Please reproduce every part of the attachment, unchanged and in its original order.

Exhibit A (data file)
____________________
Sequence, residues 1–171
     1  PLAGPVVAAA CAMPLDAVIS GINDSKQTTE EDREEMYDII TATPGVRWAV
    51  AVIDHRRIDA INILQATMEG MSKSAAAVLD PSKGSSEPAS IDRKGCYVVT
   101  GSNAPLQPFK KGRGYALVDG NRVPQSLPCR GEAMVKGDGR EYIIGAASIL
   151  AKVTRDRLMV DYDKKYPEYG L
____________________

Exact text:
Sequence, residues 1–171
     1  PLAGPVVAAA CAMPLDAVIS GINDSKQTTE EDREEMYDII TATPGVRWAV
    51  AVIDHRRIDA INILQATMEG MSKSAAAVLD PSKGSSEPAS IDRKGCYVVT
   101  GSNAPLQPFK KGRGYALVDG NRVPQSLPCR GEAMVKGDGR EYIIGAASIL
   151  AKVTRDRLMV DYDKKYPEYG L